Sometimes, when I’m walking through the hustle and bustle of the city, I try to make my thoughts and movements work in a different rhythm from everything and everybody around me. I imagine that I’ll be able to slip through the crowd unhindered by bodies and wheeled suitcases, that the lights at pedestrian crossings will […]

Sometimes, when I’m walking through the hustle and bustle of the city, I try to make my thoughts and movements work in a different rhythm from everything and everybody around me. I imagine that I’ll be able to slip through the crowd unhindered by bodies and wheeled suitcases, that the lights at pedestrian crossings will change for me as I approach so I never have to wait at the kerb, that I’ll tune into a soundtrack that no-one else can hear. Patrick Duff has the air of a man who has mastered this art. When his stage presence commands your attention he’s at the fiery centre of your world and you’re helplessly drawn to the flame. Yet if he wanted to walk through a room unnoticed, even by his friends, I reckon he could do it.

In the mid 1990s Patrick Duff was in a band called Strangelove. They were really very good, and toured with big guns like Radiohead and Suede. In October 2013 he played the second night of a solo tour at the beautiful Lantern Theatre in Nether Edge. The gig had been organised by Denzil Watson, the pathologically enthusiastic singer of the Repomen, rumoured to be Sheffield’s longest surviving pop band after 22 years. Due to their regular drummer’s absence, Repomen asked me to play percussion for this gig. I was honoured to accept. As often happens in life, these chance occasions turn out to be the most memorable.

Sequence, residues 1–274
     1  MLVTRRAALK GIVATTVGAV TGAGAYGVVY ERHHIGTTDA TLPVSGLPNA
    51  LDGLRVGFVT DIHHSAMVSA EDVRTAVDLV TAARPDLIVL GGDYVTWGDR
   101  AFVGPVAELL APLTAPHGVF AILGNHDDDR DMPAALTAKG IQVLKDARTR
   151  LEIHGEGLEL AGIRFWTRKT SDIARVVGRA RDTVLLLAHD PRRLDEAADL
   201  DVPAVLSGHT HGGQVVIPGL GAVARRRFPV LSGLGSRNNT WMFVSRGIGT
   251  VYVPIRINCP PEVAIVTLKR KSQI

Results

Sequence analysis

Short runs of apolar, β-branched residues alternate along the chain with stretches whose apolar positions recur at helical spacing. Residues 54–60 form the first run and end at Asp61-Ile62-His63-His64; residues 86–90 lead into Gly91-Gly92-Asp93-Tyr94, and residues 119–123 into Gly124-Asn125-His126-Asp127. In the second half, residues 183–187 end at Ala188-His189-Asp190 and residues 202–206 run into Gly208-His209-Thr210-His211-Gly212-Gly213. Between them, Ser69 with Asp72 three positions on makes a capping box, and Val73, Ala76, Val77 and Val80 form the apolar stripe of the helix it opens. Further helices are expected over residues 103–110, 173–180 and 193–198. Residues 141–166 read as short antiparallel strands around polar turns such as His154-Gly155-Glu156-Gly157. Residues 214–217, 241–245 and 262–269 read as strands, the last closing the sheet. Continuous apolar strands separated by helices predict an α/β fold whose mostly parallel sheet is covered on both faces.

Sheffield has the full range of live music venues, from shiny bars to seedy dives, but there is nowhere else quite like the Lantern. There’s something cheeky and very British about having a small but fully-equipped Victorian theatre in a suburban street. As a performer it kind of hems you in and sets you free all at once. You can’t see faces beyond the stage lights, but you know that everyone is really watching and listening. Everyone wants to be there, in their red, raked chair, and they’re more than willing to travel with you if you feel like going off script. Patrick Duff certainly seemed ready for a little ad lib. In addition to some intense storytelling between songs, he also gave the clutch of loyal Strangelove fans a rare nugget of history in the shape of ‘Sway’. But it was his newer songs that really had emotional force, because they were what he wanted to sing about.

A girl I once knew said she didn’t want to learn how songs were made for fear that it would spoil their magic. I can understand that, but for me that box has long since been opened. Certainly, I am rarely moved by music any more unless I can see the whites of the musician’s eyes. But when you can glimpse inside the musician’s mind the magic is all the greater. Seeing someone resurrecting the mood or moment that created the song, or hearing their brains tick as they connect finger movements to sounds and reach for lyrics lost in a distracted half-second between verses, you appreciate it all the more. When you share a stage with one of your own musical heroes, the magic is not so much meeting the individual – they’re all human beings, after all – as sharing the same audience, the same applause, laughter and heckles, and the same unrepeatable moment. I hope that the irrepressible Dru Blues, who opened the night for us, felt some of that too. He sang a song about being booed off stage at a holiday camp, so he’s not going to be putting his guitar down any time soon.

What really struck me that night was that I was in the company of one of those people who just can’t not make music. For them it’s not about singing for their supper; it’s about eating to stay alive so they can continue to sing. Their world is constructed from songs. When you talk to Patrick, he listens and responds, but you can see in his eyes that his mind is spinning and whirring with music. Without songs, his heart tells him, existence would grind to a halt. And when you walk home in the evening past a dozen rehearsal rooms on John Street, or in Neepsend or Attercliffe, and hear all those hopeful bands trying to pummel a song into shape because it really matters to them, even if no-one ever hears it or buys it or likes it, you suspect that Patrick Duff is probably right.

Andrew Wood.